The Department of Justice is charging 14 people with Medicaid fraud in Illinois.
The U.S. attorney for the Southern District of Illinois, Stephen Wigginton, said over the past few years, dozens of people have fleeced a Medicaid program that pays personal assistants to help disabled or sick Medicaid recipients live at home. The intention is to save the state money by keeping people in their homes and out of costly institutions such as hospitals or nursing homes.
The head of the St. Louis city parks department has apologized for an elaborate fraud in which two high-level employees stole nearly $465,000 from the city.
"We know that we are the stewards of an incredible legacy, and stewards of the taxpayers' money," Gary Bess told the parks committee. "We want their trust, and know that we have to earn it. That's why I'm as disappointed as anyone that this has happened. On behalf of everyone in the administration, and the parks department, I'd like to apologize. It's not who we are."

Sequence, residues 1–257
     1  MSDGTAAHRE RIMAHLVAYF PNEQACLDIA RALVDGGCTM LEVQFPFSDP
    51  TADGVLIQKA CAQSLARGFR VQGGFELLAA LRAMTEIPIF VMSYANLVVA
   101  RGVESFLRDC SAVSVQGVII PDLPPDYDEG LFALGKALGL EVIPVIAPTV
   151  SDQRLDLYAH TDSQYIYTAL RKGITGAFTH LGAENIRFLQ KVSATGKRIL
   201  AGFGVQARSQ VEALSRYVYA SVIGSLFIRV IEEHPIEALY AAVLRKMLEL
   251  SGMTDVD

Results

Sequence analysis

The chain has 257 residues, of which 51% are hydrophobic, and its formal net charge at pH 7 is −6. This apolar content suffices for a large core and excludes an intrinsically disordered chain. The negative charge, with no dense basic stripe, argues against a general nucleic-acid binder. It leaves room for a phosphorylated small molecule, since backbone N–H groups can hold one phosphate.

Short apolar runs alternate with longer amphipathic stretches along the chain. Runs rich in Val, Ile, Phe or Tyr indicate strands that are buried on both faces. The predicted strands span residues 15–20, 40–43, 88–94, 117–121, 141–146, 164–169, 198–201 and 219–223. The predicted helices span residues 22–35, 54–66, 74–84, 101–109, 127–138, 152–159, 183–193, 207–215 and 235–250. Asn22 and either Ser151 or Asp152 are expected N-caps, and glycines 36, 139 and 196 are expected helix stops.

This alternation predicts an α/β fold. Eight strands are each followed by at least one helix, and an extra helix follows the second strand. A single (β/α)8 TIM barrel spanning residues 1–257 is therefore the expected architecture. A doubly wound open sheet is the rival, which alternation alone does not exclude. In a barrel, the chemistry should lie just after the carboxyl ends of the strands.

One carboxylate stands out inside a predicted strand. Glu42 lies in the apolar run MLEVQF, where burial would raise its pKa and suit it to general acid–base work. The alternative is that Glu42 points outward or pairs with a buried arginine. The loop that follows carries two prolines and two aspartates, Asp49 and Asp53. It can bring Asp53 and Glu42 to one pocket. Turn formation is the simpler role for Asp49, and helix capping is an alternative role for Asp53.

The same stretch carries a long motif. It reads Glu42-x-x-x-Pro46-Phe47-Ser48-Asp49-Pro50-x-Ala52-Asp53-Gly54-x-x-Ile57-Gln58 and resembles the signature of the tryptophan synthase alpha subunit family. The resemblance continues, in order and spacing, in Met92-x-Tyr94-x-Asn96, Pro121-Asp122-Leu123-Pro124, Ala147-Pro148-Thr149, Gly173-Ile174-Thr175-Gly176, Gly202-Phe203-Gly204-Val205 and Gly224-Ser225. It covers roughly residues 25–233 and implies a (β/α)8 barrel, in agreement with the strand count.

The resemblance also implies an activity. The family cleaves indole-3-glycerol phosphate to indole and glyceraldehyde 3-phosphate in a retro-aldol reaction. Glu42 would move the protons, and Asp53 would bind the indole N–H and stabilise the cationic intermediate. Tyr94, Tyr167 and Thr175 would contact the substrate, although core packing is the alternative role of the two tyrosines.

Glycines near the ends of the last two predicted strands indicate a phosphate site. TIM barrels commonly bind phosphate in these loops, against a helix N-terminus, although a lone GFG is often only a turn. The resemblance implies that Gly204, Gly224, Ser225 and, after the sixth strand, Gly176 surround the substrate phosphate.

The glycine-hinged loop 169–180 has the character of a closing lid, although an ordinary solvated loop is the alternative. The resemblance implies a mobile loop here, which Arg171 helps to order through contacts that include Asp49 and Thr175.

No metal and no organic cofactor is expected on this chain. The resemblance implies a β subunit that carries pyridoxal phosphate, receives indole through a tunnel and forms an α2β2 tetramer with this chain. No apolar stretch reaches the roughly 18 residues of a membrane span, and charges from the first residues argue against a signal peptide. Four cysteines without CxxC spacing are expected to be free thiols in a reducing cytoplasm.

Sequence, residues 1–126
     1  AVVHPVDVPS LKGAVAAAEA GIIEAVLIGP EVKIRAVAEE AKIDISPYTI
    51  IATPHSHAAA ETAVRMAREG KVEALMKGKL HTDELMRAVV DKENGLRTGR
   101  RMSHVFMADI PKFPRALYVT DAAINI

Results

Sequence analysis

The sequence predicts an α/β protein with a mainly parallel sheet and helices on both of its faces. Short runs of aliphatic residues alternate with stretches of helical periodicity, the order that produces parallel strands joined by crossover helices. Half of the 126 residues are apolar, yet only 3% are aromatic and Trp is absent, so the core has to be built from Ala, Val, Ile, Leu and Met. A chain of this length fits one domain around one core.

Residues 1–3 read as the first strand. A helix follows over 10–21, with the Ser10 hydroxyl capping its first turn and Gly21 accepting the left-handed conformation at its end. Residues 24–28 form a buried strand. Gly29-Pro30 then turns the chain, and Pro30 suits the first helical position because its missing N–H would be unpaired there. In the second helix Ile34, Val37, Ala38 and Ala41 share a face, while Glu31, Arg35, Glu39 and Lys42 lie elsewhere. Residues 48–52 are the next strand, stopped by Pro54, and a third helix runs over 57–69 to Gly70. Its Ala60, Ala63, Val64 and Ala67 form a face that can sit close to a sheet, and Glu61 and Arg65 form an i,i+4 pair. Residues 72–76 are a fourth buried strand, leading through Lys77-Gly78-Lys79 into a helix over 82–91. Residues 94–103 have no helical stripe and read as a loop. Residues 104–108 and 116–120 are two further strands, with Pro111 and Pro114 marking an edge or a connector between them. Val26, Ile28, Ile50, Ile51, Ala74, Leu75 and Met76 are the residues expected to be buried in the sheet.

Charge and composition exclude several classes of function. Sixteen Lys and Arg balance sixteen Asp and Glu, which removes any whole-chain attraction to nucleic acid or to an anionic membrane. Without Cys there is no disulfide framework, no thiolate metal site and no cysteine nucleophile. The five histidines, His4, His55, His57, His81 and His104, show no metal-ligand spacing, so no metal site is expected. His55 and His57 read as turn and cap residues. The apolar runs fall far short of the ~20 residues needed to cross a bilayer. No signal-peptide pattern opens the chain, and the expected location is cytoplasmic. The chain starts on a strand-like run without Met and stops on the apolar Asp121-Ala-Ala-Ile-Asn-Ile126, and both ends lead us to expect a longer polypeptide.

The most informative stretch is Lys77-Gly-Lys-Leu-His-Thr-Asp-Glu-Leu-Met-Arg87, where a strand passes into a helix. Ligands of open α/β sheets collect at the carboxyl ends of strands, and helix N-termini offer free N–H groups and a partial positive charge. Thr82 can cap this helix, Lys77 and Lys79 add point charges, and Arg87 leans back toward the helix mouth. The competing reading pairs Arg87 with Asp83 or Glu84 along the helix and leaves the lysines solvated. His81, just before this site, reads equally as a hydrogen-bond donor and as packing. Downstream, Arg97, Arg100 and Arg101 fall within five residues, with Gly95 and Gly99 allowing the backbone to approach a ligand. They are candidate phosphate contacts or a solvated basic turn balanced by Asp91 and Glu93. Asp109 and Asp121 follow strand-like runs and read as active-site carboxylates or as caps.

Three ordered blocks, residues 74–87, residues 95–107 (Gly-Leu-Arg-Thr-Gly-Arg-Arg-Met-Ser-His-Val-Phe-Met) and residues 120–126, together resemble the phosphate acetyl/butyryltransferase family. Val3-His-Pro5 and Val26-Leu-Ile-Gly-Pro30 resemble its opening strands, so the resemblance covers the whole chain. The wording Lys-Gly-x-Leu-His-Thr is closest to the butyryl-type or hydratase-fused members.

Illinois is getting $2.7 million to strengthen its efforts to fight waste and fraud in unemployment claims.
The grant from the U.S. Labor Department will help beef up anti-fraud programs launched in the past year.
The Illinois Department of Employment Security says it has begun garnishing tax returns of unemployment cheats, working more closely with the attorney general and holding business leaders personally liable for misstating company obligations.
An Idaho woman who operated a fertility brokerage business has admitted to defrauding six Missouri women who provided eggs for the business.
Janae Helgerson of Boise, Idaho, pleaded guilty Wednesday to wire fraud in U.S. District Court in St. Louis. Sentencing is March 16.
Helgerson was arrested in February. Her business, Mid-West Egg Donation, matched couples seeking to conceive a baby with women willing to provide eggs. Federal prosecutors say Helgerson collected payments from couples, but egg donors in Missouri failed to receive nearly $30,000 owed to them.
According to the U.S. Attorney's Office, Fred W. Robinson, 69, of St. Louis, and chairman of the board of trustees for Paideia Academy, a now-shuttered charter school in St. Louis, has been indicted multiple fraud charges.